By Mark B. Wilson, P.C.
An injured plaintiff, who has insurance which pays plaintiff's medical costs, is only entitled to recover the amount of expenses the insurance company actually paid, even if the actual medical bills are much higher. For instance, if plaintiff suffers a traumatic brain injury and incurs $185,000 in medical expenses, but his insurance company pays a reduced rate for medical care in the amount of $75,000 for his care, plaintiff is only entitled to recover $75,000.
The rational for this rule is that according to BAJI 14.10 (and the law upon which it is based), an injured plaintiff is only entitled to recover the "reasonable" value of past medical expenses actually incurred. Hanif v. Housing Authority of Yolo County (1989) 200 Cal.App.3d 635, 639-644. This rule supposedly prevents an injured plaintiff from recovering a windfall.
For obvious reasons, some defense attorneys will successfully use this rule to exclude evidence of bias in excess of the amount actually paid. Plaintiffs will want to oppose this attempt because evidence of the amount paid (without explanation) will make it appear to the jury that the plaintiff's injuries are less than significant than they really are. In the hypothetical, plaintiff will want the jury to hear evidence that the medical bills totaled $185,000, even if plaintiff is only entitled to recover $75,000.
The law recognizes an injured plaintiff's concerns. "Evidence of plaintiffs' bills from medical care providers is of course relevant to show his or her expenses and that the alleged services were, reformed." Flahavan, Cal Practice Guide: Personal Injury, (The Rutter Group 2002) Chapter 3, Section 3:35, citing McAllister v. George (1977) 73 Cal.App.3d 258, 264. Emphasis added. See also, Nishihama v. City and County of San Francisco (2001) 93 Cal.App.4 th 298:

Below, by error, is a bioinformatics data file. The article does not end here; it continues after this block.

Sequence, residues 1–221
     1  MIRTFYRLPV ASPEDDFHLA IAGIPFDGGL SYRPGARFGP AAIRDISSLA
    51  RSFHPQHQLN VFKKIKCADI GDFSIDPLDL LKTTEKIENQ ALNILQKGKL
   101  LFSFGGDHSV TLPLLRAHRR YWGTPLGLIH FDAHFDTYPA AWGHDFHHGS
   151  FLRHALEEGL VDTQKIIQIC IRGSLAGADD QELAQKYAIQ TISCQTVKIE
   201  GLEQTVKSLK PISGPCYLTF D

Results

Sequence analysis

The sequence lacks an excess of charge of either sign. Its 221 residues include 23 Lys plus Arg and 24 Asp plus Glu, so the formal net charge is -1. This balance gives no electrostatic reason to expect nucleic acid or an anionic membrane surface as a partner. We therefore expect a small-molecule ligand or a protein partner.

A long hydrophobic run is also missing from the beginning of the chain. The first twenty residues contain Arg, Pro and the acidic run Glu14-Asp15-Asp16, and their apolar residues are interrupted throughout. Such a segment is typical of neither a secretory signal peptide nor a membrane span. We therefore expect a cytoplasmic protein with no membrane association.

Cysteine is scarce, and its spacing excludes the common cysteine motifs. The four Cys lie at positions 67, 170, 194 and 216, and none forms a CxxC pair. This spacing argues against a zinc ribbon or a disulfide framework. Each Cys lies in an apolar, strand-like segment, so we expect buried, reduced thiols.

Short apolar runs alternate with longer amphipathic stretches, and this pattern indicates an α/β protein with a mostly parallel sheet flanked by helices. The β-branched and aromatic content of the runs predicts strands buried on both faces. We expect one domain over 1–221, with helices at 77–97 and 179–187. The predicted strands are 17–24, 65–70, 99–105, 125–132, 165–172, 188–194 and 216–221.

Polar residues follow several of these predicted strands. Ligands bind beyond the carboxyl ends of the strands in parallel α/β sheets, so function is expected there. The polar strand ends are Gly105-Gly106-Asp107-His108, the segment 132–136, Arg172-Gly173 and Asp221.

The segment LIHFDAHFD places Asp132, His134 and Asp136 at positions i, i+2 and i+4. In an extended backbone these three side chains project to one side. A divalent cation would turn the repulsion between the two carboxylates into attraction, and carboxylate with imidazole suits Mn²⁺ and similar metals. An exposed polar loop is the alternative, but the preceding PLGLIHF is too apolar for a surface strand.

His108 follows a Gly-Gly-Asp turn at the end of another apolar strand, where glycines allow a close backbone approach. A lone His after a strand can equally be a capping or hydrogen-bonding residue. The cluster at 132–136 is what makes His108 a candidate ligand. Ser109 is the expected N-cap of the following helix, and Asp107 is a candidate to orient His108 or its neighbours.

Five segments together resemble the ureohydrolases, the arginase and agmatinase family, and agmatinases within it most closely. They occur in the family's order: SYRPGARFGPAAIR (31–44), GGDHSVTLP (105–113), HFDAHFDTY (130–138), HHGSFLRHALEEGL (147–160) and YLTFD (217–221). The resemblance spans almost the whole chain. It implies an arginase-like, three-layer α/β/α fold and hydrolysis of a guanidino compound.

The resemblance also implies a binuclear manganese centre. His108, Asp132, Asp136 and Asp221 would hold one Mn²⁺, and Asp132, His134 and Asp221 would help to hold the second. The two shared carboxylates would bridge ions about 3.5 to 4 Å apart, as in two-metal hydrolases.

"We therefore conclude that the trial court erred in permitting the jury to award plaintiff $17,168 [plaintiff's actual medical expenses] instead of $3,600 for CPMC's services [the insurance company's negotiated rate]. We do not agree with the City, however, that this error requires remand, because the jury somehow received a false impression of the extent of plaintiff's injuries by learning the usual rates charged to treat those injuries. There is no reason to assume that the usual rates provided a less accurate indicator of the extent of plaintiff's injuries than did the specially negotiated rates obtained by Blue Cross. INDEED, THE OPPOSITE IS MORE LIKELY TO BE TRUE. We therefore will simply modify the judgment to reduce the amount awarded as costs for medical care. Emphasis added. Nishihama, supra 93 Cal.App.4 th 298, 309.
In responding to a defense motion to exclude evidence of medical costs in excess of what was actually paid, plaintiff has at least two options. First, plaintiff can suggest the court provide the jury an instruction that it may not award anything more than a certain amount. Second, plaintiff can ask the defense to enter into a stipulation setting forth the actual bills and stating that if plaintiff is successful, plaintiff is only entitled to recover the amount paid.
This article first appeared in the OCTLA Gavel, Fall 2003.